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Thinking Matters

Archive for November, 2008

IBM to build brain-like computer, but…

Posted by Andrew Cooper on November 22, 2008

Like this?

Like this?

In 1967 Marvin Minsky, one of the pioneers of artificial intelligence, said that “within a

Or this?

Or this?

generation … the problem of creating artificial intelligence will be substantially ‘solved”.  He was wrong, of course, as were others who made similarly optimistic predictions.  These included Arthur C Clarke who I’m sure expected that machines very like HAL, the star of his film 2001, would be up and running by the turn of the century.

According to BBC News, IBM have set up a team to have another crack at the problem.  According to the BBC News article if the project is successful it will result in ‘…computers could gather together disparate information, weigh it based on experience, form memory independently and arguably begin to solve problems in a way that has so far been the preserve of what we call “thinking”‘

But there’s a but.  The IBM team is aiming to build a circuit ‘…with the complexity of a cat’s brain’.

Based on my obersvation of our own cat, Sheba, and other members of her species, I would say her ability to gather together disparate information, form memories and so on is fairly limited.  I don’t want to be labelled a cynic: replicating a cat’s brain would be an amazing achievement.  But if the machines behaviour patterns were also similar to those of cats it would spend much of its time asleep and would divide the remainder between finding the warmest possible place to sleep, defending its territory and persuading gullible humans to feed it.  Opening and closing pod-bay doors, let alone piloting a space ship to Jupiter would, I think I can say quite confidently, be well beyond Sheba’s capabilities.


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Did you miss it?

Posted by Andrew Cooper on November 20, 2008

I did.  Yesterday was World Toilet Day and I’ve only just realised.  A serious matter, of course, particulalry if you’re amongst the 40% of the world’ population which doesn’t have access to a toilet.  There are some excellent logos here at the WTO’s (World Toilet Organisation’s) website to bring the message home and be sure not to miss artist Scoop Branisco’s thoughts about the Art for Toilets project which you can find here.

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High Street Woes All Psychology, Top Retailer Confirms

Posted by Andrew Cooper on November 20, 2008

Only time for a quick post but I’ve just listened to this interview with Andy Green, MD of the John Lewis retail chain.  All good points he says ‘the downturn in spending is actually irrational…it’s all about confidence’.   He says that the government has to take measures to restore confidence.  He is probably thinking about economic measures, but banning hyperbolic adjectives in media headlines would certainly help as well.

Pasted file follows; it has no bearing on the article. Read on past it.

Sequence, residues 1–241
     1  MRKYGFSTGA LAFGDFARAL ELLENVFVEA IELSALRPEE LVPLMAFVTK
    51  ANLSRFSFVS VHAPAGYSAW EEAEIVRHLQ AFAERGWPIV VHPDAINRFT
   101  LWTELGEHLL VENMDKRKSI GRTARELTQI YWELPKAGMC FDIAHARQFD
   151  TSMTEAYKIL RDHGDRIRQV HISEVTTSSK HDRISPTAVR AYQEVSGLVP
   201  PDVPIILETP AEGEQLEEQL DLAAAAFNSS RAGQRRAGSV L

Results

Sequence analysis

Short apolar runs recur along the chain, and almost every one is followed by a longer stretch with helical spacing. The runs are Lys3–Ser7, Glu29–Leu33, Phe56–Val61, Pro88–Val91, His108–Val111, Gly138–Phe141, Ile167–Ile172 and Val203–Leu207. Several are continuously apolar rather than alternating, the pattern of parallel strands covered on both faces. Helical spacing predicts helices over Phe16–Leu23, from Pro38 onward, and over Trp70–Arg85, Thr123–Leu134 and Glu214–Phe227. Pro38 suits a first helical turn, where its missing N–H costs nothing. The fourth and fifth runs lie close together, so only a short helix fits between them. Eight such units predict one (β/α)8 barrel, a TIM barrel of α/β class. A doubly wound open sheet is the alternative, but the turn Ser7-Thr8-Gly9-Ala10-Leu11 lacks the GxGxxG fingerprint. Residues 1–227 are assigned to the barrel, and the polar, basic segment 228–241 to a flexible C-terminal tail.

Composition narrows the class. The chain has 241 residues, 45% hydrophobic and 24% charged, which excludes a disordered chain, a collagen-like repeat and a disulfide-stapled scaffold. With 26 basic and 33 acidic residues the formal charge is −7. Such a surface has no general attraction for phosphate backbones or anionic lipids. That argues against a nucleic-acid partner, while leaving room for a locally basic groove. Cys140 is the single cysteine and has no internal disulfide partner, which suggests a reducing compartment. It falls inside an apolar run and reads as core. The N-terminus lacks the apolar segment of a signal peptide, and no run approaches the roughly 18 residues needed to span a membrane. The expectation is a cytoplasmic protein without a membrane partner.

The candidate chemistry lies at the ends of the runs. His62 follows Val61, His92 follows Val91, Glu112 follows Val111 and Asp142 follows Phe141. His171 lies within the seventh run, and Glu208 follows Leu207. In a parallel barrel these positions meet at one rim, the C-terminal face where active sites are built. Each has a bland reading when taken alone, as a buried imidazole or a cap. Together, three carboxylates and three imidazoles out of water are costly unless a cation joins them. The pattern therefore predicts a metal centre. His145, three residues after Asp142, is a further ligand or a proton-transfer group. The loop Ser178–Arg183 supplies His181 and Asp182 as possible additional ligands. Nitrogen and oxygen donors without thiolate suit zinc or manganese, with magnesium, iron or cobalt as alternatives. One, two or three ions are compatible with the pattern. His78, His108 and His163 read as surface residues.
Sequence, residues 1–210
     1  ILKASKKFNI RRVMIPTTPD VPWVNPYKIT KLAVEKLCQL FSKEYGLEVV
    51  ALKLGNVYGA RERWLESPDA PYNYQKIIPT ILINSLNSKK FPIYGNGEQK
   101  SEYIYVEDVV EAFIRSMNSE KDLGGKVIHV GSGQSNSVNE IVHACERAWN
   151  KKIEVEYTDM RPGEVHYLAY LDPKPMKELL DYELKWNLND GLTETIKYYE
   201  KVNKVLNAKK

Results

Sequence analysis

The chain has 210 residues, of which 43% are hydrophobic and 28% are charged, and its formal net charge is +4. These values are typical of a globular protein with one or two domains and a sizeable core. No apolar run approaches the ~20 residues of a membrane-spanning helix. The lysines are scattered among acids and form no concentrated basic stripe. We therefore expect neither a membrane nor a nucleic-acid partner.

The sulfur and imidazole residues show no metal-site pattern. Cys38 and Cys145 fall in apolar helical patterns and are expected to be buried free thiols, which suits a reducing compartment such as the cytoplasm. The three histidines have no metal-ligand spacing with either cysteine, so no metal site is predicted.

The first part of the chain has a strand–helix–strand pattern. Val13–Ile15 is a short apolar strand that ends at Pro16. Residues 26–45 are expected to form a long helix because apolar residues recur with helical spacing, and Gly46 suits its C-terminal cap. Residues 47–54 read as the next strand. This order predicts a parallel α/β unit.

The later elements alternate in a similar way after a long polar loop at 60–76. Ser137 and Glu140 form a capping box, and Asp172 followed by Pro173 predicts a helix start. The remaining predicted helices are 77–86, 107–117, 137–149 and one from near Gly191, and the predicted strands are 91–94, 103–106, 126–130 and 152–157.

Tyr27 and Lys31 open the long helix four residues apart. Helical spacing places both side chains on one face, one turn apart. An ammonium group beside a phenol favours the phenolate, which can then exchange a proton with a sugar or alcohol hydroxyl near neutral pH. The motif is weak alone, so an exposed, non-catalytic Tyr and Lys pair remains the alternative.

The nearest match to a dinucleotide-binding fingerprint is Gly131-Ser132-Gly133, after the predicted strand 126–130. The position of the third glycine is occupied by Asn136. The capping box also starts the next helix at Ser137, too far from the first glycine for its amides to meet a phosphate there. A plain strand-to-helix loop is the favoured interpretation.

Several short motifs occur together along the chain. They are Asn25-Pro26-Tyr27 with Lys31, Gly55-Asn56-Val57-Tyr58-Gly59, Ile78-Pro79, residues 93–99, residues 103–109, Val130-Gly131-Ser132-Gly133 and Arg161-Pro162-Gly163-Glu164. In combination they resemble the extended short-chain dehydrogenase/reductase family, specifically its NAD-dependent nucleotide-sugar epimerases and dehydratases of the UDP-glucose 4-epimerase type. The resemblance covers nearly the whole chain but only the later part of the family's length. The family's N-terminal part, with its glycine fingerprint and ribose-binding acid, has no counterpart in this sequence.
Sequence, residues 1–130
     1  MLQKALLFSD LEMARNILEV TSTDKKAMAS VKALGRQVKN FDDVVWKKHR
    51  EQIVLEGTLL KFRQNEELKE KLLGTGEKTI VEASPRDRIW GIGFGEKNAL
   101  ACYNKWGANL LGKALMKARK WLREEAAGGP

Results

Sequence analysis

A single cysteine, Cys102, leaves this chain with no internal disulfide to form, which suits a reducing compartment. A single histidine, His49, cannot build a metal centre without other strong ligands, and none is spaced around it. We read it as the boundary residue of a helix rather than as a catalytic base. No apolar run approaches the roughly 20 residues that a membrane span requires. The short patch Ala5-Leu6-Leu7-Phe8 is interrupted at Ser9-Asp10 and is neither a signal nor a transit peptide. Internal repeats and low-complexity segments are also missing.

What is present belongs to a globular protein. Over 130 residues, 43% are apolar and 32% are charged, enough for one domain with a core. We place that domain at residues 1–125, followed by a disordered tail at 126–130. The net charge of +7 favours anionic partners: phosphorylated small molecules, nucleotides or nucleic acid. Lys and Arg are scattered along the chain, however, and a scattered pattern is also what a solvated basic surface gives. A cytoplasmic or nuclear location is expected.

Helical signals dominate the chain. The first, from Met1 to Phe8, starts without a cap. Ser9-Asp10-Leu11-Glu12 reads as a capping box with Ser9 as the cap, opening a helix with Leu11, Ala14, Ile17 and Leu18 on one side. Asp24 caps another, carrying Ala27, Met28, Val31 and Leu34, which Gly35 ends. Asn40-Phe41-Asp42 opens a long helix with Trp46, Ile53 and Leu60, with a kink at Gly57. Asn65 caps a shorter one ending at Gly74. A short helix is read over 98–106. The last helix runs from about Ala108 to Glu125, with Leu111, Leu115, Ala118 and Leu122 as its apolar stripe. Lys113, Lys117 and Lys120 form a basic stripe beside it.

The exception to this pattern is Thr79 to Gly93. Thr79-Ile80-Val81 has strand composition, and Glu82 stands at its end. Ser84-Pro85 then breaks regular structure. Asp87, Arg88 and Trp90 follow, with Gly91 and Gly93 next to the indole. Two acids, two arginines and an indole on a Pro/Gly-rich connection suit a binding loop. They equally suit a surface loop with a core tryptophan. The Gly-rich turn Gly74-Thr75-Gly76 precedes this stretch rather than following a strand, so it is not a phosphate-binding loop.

It’s not really worth listening to the interview with Philip Green which is at the end of the clip: he doesn’t have any useful point to add and makes a rather feeble attempt to change the subject to the BBC licence fee.

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Why you are almost certainly wrong, most of the time

Posted by Andrew Cooper on November 18, 2008

More from the wonderful world of cognitive psychology.  Here’s a handy list of reasons why, as the page puts it’ ‘what you think is right is wrong’.  Many of the factors listed almost certainly apply to the appalling case of Baby P, which anyone following the press in the UK for the last couple of weeks will know rather more about than they’d probably like to know.  Confirmation bias, the tendency to filter out information which doesn’t fit with a decision we’ve already made, has certainly played a part in similar cases in the past.  Unfortunately it has also been a factor in cases in which professionals decided that abuse had taken place, but hadn’t.

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Posted by Andrew Cooper on November 15, 2008

A brief postcript to my last witter.  Three more laws that Obama will need to bear in mind while he’s changing things: the Law Of Unintended Consequences, Hoftstadter’s Law and my own Law of Infinite Complexity.  Taken together, they mean that whatever he tries to do won’t turn out as planned (it’s a systems thing), it’ll take longer than he thinks (even if he already thinks it will take longer than he thinks) and the more people he recruits to advise him the more complex the solutions will become.

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Cognitive surplus, The Vision Thing, Kurt Lewin and Newton

Posted by Andrew Cooper on November 15, 2008




George H Bush allegedly said that he didn’t do ‘the vision thing’ (although, following two minutes extensive research via Google I can’t actually find a source for that so perhaps he didn’t).

Either way, his son’s successor is very big on Vision.  And following on from his extraordinarily successful use of the web to help back up his job application for the Leader of the Free World post he’s about to take on, he’s using the web to collect visions.